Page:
Film
“Django Unchained” A Sensational Work Of Art
By LaDale Anderson
Dec 26, 2012 - 7:09:15 PM

HOLLYWOOD—Let’s be clear this movie is not for everyone. Some people will be overly angered after watching “Django Unchained” as it tackles a period in America history that many people would like to forget, but in all honesty the past is never forgotten. Quentin Tarantino who wrote and directed the picture delivers some of his best work on the screen since his bloody violent “Pulp Fiction.”

 

“Django” tackles two very sensitive issues in culture: slavery and racism.  Slavery is an issue that many would like to forget ever existed, but it happened and the movie does indeed tackle the issue in a more rooted society.  Is it an accurate depiction of course not, I’m sure just as every other moviegoer is sure, far worse things happened to slaves than what is depicted on the screen.  Jamie Foxx stars as Django, a slave who finds himself at the mercy of some torturous slave owners.  His life is spared when he has an encounter with a bounty hunter/dentist Dr. Schultz portrayed by Christoph Waltz. 

 

Schultz makes a promise to Django to free him from slavery if he helps indentify the Brittle Brothers.  At  first Django is skeptical, but agrees only if Schultz helps him to find and rescue his wife Broomhilda (Kerry Washington) from a vicious slave owner, Calvin Candie portrayed by Leonardo DiCaprio.  What is it about playing a villain that works so well for actors? I have no idea, but DiCaprio lights the screen as this charismatic charmer; do not let his looks fool you, he’s wickedly evil to the core and a treat to watch on the screen.  I smell an Oscar-nomination in his near future.

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Jamie Foxx and Leonardo DiCaprio in "Django Unchained."

 

DiCaprio’s turn isn’t the only standout, so is Tarantino regular Samuel L. Jackson as Stephen.  Stephen is the head house slave at Candyland, and makes sure to keep all slaves in check.  Jackson is quite frightening on the screen and delivers a glare that will give chills to children.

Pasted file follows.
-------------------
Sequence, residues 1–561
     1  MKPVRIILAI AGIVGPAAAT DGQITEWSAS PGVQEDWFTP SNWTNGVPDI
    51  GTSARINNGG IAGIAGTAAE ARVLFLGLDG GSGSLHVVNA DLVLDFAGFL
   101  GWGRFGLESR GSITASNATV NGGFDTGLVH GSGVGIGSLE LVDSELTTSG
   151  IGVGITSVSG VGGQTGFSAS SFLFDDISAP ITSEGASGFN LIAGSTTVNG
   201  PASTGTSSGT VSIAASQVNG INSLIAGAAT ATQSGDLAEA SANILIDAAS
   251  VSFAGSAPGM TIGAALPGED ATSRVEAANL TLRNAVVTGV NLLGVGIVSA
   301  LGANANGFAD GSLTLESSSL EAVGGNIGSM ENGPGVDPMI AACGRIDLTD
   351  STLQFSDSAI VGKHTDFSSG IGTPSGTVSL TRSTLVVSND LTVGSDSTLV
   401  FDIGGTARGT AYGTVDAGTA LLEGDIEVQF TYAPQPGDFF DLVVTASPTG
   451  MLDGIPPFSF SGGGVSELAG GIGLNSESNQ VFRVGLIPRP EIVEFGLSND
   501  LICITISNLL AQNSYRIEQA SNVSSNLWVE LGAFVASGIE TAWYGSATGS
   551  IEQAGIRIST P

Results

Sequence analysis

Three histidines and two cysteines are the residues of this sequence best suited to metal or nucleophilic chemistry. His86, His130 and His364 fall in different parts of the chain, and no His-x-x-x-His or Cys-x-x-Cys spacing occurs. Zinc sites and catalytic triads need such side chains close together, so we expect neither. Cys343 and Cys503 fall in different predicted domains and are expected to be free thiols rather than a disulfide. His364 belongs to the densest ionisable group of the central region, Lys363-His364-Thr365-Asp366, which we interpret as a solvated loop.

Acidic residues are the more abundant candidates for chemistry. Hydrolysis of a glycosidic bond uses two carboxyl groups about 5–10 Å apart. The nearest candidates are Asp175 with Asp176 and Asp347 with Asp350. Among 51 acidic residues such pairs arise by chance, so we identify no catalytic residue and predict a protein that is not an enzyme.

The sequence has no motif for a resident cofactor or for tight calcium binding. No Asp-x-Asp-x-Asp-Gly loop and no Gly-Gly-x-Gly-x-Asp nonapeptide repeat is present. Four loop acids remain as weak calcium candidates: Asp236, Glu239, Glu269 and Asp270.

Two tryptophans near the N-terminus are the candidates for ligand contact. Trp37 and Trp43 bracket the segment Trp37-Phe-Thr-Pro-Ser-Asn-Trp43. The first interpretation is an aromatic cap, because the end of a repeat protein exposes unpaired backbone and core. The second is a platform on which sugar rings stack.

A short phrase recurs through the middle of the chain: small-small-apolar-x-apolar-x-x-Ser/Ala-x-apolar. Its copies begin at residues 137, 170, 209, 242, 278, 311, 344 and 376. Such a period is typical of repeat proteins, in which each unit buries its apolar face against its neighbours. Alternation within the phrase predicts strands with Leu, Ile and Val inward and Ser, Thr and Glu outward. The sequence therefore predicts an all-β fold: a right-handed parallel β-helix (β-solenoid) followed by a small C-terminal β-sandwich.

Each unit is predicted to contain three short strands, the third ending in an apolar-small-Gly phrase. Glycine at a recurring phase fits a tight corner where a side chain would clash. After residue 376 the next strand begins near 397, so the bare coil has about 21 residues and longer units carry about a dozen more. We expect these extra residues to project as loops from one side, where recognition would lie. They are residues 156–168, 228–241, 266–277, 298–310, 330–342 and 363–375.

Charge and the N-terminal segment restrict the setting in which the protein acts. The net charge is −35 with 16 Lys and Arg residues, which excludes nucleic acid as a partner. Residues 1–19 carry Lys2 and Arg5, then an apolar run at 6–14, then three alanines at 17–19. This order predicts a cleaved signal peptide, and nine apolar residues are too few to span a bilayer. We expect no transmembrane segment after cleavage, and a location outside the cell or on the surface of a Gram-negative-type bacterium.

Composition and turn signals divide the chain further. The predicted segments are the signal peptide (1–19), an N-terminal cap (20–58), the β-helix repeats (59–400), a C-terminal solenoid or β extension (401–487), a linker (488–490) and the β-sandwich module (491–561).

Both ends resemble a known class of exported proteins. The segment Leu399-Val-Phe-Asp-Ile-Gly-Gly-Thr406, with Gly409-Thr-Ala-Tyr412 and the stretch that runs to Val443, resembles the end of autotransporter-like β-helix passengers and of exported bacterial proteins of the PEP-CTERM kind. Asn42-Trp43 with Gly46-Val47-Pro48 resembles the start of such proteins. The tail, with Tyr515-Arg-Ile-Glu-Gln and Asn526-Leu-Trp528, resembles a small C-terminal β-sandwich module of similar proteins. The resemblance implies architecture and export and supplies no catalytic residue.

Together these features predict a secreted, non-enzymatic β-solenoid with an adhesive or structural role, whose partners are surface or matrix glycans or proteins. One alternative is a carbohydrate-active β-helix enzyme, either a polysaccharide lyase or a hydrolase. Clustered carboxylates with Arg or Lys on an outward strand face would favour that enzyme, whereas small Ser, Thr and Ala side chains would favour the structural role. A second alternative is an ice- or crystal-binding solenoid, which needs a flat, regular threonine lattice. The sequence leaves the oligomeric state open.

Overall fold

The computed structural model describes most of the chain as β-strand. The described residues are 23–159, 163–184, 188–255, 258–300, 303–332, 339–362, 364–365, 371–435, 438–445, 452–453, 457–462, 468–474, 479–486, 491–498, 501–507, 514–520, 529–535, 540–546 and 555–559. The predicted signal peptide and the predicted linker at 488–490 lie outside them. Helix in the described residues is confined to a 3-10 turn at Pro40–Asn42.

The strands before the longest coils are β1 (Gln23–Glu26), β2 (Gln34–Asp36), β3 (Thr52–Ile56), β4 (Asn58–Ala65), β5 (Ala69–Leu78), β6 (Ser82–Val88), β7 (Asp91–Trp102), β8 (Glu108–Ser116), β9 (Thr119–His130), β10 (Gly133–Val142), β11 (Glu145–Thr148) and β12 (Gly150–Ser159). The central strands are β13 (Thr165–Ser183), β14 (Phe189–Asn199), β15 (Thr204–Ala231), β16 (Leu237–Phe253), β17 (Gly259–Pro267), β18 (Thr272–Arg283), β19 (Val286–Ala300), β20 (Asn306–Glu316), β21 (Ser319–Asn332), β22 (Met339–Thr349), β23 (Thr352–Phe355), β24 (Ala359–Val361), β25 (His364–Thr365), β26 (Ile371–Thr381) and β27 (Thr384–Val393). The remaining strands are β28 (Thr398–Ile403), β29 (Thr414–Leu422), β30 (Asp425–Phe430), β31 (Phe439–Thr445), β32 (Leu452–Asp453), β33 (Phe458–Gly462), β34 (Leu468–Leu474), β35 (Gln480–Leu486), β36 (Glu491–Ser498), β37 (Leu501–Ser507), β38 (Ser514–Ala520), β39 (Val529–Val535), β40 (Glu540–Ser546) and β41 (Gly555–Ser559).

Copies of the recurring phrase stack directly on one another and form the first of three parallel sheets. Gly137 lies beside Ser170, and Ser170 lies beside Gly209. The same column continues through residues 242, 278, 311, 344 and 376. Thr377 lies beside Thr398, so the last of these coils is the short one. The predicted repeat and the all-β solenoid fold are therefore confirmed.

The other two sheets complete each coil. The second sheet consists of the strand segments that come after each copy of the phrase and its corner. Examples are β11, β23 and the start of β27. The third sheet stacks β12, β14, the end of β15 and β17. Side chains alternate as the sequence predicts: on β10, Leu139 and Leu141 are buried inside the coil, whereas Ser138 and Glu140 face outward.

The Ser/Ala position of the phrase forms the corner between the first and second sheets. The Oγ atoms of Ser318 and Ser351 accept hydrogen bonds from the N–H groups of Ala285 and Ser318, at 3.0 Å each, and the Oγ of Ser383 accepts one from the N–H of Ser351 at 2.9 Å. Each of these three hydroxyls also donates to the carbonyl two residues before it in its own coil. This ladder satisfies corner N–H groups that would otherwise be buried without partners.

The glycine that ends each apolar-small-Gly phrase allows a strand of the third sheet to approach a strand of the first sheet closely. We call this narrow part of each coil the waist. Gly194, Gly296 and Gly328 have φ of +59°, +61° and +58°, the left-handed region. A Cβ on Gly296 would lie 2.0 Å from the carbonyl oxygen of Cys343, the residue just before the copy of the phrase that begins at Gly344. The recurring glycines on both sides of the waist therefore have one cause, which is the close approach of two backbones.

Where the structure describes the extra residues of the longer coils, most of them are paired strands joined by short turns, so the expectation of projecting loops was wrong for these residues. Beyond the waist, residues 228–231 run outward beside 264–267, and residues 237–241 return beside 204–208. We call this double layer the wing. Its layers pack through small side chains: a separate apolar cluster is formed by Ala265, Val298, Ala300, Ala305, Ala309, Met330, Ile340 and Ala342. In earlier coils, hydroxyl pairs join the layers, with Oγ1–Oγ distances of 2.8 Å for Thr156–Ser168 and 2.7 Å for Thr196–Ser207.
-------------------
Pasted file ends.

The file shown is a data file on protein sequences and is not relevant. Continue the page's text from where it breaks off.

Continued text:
What makes this picture so fantastic is Quentin’s ability to transform the issue of slavery into a forum of discussion.  While the picture is rooted in the Deep South, it takes on the principle of being a Western.  While it’s not accurate on that account, that genre bending allows the picture to tackle an issue without causing it to be overly taboo.  There are some outrageous lines by Jamie Foxx that may offend some audiences, while others will be laughing in the theater seat.

 

I did think at some points in the picture after about 90 minutes in, the pacing halts a pick, but finds it footing in a timely manner.  The issue of racism is a clear indicator of what Tarantino attempts to do in the movie: acknowledge a subject matter that is still quietly discussed behind closed doors.  Racism exists in America and if people look you in the face and say otherwise, it’s a complete lie. It’s not as overt as it appears in “Django Unchained,” but in some regions in America it still is. 

 

The picture is bloody violent to the core, if its not loads of blood it ain’t a Tarantino picture.  The concept is fresh, smart, clever and absolutely hilarious and thought provoking all at once.  It’s been awhile since I’ve been in a theater where the audience was on a roller-coaster ride enjoying every single second of the movie.  “Django Unchained” is not for kids, but for everyone else it’s a movie to be seen, not just for the entertainment value, but a historical lesson dissecting a dark moment in American history that many of us fail to acknowledge.



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